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lepsy. But it cannot be supposed that they were improved by the disease.

It is an unhappy circumstance, that philosophy has sometimes strengthened, instead of correcting vulgar prejudices. Plato's followers, by their description* of the ev0801col@, constituted madness a sign of inspiration. To the misfortune of mankind, the ravings of lunatics have often been more regarded than the arguments of wise men; but such a preference ought not to have been sanctioned by philosophers. This must surely have been one of the exoteric doctrines, calculated only for the porters and fishwomen of Athens. No doubt, the same causes which, in a strong degree, produce madness, may in a lower encrease the natural powers of the mind. . Cardan, and a melancholy list of illustrious names, appear, in some parts of their writings, as mad as the author of Hultothrumbo, while in others they discover an extraordina

* Brucker, Hist. Crit. Philos. t, ii. p. 445,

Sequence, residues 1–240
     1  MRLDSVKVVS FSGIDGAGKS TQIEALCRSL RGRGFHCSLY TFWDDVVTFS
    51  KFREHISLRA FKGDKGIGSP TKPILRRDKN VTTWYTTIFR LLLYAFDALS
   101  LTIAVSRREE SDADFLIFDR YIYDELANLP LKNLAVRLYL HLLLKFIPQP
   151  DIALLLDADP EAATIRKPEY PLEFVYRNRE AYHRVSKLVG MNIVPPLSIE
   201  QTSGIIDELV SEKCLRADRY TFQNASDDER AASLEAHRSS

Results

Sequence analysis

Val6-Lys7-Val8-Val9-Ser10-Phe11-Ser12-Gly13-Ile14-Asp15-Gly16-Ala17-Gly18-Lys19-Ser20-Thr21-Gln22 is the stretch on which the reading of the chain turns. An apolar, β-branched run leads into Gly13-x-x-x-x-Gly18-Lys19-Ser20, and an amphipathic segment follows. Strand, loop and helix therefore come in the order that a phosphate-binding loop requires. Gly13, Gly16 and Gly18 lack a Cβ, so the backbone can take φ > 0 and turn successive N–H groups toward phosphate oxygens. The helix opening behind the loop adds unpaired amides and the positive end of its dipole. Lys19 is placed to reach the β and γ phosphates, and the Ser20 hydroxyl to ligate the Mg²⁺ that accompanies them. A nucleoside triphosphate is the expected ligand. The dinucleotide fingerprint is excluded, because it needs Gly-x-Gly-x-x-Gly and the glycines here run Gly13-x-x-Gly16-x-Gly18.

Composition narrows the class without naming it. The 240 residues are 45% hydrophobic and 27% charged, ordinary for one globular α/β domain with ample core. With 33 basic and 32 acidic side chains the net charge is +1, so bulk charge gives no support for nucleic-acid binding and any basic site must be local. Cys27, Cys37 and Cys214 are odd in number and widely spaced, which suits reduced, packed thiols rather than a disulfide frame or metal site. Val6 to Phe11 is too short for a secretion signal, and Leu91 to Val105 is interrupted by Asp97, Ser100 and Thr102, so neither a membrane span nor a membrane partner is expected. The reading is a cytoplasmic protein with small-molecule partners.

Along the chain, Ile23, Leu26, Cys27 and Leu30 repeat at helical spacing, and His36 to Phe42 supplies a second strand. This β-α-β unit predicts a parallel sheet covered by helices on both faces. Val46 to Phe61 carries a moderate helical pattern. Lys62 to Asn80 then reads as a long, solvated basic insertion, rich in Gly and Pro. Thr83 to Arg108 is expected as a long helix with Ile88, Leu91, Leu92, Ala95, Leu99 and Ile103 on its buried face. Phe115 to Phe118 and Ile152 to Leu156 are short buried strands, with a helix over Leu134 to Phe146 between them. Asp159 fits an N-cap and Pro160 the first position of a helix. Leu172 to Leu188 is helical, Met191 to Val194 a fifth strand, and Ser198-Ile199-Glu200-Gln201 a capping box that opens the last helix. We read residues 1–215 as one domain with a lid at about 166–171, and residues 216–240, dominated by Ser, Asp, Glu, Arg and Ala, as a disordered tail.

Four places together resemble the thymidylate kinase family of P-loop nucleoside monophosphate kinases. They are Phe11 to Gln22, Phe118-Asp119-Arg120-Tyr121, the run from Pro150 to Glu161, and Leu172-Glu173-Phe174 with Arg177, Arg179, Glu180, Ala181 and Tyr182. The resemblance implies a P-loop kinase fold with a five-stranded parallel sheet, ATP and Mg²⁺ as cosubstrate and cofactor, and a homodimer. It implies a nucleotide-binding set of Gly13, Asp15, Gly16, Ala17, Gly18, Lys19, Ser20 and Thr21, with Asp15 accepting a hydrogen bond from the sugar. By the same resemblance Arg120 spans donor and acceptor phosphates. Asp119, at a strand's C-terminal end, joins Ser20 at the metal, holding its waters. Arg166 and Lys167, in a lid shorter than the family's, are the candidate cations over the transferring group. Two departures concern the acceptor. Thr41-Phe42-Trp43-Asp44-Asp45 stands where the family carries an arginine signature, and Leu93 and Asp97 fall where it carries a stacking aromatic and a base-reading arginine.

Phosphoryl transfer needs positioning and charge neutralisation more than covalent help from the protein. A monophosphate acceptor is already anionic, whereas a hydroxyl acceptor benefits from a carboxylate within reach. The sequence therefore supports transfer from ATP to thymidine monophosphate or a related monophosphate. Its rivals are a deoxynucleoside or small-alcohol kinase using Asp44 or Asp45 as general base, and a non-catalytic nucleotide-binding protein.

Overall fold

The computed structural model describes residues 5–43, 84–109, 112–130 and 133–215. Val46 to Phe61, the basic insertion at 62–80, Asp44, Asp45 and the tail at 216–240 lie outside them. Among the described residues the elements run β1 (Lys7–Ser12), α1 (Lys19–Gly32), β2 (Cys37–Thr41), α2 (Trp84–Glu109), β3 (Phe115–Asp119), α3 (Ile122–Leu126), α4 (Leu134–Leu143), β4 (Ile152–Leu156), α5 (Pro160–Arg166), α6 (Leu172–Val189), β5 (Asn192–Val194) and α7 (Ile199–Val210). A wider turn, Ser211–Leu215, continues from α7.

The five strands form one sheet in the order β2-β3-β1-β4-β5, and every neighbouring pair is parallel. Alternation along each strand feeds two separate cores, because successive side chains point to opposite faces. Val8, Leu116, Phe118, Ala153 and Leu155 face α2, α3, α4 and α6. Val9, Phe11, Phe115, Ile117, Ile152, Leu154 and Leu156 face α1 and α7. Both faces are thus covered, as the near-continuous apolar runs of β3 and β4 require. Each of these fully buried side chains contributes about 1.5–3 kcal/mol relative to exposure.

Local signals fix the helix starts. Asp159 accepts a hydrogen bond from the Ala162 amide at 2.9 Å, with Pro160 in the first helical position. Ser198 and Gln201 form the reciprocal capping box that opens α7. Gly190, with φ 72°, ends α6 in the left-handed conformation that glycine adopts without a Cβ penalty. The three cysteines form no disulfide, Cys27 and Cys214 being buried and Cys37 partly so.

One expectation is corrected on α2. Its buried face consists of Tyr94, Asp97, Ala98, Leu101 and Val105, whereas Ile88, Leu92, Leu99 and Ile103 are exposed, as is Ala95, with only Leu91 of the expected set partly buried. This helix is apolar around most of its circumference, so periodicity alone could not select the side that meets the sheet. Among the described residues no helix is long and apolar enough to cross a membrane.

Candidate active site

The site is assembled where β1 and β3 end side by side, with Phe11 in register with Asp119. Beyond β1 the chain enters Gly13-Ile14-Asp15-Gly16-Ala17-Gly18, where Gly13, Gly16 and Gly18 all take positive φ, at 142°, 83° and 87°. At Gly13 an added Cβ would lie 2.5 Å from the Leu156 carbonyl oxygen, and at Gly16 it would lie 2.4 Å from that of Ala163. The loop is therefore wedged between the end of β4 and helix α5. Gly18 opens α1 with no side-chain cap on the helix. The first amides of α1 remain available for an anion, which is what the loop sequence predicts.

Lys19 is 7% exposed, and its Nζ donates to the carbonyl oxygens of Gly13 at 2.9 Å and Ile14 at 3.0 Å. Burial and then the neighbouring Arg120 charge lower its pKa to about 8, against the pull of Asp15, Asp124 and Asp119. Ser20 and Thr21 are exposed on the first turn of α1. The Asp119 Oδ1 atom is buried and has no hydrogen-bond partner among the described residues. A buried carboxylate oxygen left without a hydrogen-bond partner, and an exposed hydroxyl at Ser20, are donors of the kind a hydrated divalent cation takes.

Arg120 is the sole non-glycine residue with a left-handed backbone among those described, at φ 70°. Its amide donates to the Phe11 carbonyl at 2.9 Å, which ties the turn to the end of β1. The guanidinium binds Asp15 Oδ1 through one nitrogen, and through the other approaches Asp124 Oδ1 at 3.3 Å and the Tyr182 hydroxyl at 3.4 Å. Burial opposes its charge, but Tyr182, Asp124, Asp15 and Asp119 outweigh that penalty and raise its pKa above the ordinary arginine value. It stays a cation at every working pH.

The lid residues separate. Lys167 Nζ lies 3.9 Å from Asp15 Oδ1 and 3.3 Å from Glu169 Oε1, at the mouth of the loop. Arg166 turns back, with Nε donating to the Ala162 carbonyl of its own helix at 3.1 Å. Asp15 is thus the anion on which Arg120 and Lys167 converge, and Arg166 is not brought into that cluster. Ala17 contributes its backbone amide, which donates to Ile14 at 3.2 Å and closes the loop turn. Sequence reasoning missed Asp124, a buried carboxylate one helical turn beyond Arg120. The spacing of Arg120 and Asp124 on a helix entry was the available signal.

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ry acuteness and sagacity. The popular
prophets of this country, were all really or
affectedly mad. They are now little read
or respected; but they were formerly pow-
erful engines of faction, and became the
objects of repeated acts of the legislature.
Les reves, as Voltaire says of Plato, donnoient
alors de grande reputation.
The courteous demons of antiquity have
vanished, but they have left a kind of magic
splendor over the heads of men of talents,
which the herd of metaphysicians has beheld

If a person of unassisted good sense were to enquire, what constitutes a man of genius, he would discover it to be a vigorous and successful exertion of the mind, on some particular subject, or a general alacrity and facility of intellectual labour. In a word, that genius consists in the power of doing best, what


endeavour to do well.

In the best treatises on this subject, there has been much of a fallacious method, which imposes equally on the author and the

with awe.

reader; I mean, a prolix description of facts, substituted for a theory of their causes. Undoubtedly this kind of writing would be useful, if it were appreciated at its just value; but its facility, and its pretensions create prejudices against the more slow and difficult method of induction. Moliere has characterized this false philosophy by a single stroke: “ Quare facit opium dormire ?Quia est in eo virtus dormitiva.” Behold the fruit of many a huge and thorny metaphysical quarto!


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